Prospect Park is a 526-acre urban oasis located in the heart of Brooklyn, the crown jewel of Brooklyn birding. Designated an Important Bird Area in New York State by National Audubon, it supports a wide variety of habitats attracting nearly 270 bird species annually, including a possibility of 35 species of warbler. On a peak spring migration day, the number of bird species can approach 100, and our annual Christmas Count numbers regularly top 50 species.
Clearly this is one of the premier birding locations in New York City, and an oasis for visitors and residents alike. The accompanying map highlights some of the “hot-spots” in the park, with suggestions as to what you might find–although birding is always serendipitous!
The peak time for spring migrants ranges from late April to late May. Summer brings nesting birds including orioles, Warbling Vireos, Yellow Warblers, and the ubiquitous American Robin. Autumn’s show begins in mid-August, continuing through October for passerines and raptors; and extending into late fall for waterfowl, ducks and arriving winter species.
Please be mindful of staying on the paved or wood-chipped paths, as this is an urban area quite sensitive to disturbance. Biking is a great way to get around, but is only allowed on the main Park Drive, Center Drive and Wellhouse Drive—never on the pedestrian paths. Be sure to lock bikes securely.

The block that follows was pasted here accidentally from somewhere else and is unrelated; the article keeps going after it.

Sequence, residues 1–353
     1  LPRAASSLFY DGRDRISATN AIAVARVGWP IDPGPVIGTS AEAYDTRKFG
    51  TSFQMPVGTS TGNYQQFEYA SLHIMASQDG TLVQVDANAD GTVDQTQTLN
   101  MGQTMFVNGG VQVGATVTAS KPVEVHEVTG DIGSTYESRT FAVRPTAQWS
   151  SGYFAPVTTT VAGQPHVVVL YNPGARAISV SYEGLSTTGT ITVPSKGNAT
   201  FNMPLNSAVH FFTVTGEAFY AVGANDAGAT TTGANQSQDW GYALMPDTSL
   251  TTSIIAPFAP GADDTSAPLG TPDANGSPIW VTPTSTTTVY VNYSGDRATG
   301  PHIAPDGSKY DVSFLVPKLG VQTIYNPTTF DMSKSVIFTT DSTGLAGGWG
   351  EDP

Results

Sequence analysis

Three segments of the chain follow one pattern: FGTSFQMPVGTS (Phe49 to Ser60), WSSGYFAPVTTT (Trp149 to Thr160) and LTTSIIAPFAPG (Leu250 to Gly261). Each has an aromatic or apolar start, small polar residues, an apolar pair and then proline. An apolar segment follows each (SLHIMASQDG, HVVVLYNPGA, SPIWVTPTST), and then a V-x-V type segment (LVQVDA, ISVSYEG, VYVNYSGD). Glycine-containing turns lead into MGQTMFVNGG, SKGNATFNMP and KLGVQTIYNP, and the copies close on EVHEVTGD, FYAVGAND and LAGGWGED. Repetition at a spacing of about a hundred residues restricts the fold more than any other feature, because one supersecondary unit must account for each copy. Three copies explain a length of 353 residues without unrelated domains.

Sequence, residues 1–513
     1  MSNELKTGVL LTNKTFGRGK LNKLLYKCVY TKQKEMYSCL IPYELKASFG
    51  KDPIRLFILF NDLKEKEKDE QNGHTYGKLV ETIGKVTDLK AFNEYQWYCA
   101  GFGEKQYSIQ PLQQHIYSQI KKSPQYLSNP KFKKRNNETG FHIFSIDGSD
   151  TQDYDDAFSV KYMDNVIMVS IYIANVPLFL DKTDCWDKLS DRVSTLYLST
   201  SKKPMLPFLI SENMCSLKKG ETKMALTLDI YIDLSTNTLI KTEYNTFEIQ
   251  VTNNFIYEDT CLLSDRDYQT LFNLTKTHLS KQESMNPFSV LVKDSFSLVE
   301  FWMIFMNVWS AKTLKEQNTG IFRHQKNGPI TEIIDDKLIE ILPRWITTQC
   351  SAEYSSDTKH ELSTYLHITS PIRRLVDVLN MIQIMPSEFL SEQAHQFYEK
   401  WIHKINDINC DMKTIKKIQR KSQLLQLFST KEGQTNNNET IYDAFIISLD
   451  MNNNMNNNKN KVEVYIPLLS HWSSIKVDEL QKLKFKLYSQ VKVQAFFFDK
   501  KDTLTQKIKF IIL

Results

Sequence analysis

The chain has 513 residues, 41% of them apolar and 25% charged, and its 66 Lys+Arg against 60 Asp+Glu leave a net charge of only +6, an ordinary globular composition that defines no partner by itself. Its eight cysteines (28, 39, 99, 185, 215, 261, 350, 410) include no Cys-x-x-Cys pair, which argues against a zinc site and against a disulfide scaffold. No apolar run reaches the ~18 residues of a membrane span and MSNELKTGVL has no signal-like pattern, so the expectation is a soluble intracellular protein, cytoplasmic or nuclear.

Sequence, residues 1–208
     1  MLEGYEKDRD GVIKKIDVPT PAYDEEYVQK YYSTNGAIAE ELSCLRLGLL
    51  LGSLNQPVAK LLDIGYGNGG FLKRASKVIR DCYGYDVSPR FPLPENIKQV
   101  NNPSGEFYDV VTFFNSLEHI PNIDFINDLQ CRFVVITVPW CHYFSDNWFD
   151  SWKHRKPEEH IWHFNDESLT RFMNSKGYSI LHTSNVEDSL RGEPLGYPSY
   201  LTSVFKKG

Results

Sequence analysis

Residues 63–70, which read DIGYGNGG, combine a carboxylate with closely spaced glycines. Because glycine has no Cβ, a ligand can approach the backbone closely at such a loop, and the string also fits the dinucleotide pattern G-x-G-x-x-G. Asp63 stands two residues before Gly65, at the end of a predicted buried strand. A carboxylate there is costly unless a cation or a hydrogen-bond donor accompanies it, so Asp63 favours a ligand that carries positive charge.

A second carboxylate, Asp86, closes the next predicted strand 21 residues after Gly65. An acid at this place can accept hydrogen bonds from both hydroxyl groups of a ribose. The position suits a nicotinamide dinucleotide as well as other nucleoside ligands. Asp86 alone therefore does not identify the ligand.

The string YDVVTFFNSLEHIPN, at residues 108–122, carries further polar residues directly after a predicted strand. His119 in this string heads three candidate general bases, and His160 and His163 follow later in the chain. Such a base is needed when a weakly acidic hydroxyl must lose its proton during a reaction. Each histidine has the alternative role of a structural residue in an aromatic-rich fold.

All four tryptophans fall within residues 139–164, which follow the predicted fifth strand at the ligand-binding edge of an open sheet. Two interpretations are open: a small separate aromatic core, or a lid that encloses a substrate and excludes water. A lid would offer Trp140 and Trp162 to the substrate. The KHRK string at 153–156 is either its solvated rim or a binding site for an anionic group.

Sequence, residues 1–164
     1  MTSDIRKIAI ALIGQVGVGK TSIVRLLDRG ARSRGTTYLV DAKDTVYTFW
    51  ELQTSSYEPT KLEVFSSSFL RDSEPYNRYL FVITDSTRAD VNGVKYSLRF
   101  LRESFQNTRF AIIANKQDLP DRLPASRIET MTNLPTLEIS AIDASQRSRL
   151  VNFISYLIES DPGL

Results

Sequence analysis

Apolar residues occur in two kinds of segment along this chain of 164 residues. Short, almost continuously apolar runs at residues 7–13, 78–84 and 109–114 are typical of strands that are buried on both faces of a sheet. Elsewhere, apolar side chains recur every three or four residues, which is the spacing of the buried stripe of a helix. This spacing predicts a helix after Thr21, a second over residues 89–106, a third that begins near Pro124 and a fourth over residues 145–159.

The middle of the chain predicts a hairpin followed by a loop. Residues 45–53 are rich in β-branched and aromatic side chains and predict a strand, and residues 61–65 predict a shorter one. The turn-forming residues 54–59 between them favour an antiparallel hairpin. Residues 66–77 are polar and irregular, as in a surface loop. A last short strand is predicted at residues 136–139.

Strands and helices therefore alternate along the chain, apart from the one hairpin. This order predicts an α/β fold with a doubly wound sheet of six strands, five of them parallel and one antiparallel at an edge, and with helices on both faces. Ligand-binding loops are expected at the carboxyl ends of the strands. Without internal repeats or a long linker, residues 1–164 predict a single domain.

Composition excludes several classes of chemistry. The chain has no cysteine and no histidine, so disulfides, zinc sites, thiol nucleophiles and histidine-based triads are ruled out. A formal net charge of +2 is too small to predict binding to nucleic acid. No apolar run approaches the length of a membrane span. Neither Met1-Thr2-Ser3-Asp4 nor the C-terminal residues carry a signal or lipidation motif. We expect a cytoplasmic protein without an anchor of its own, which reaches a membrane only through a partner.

Prospect Park is generally safe during daylight hours, but it is still recommended that it be treated as any other urban park. Reasonable precautions should always be taken to protect one’s self and property, and if possible, travel in pairs.
Bathrooms are indicated on the map, and water fountains can be found throughout the park. Currently the only place to purchase food is the cafe at Lakeside Center, and a small snack bar at the carousel (Apr-Dec.)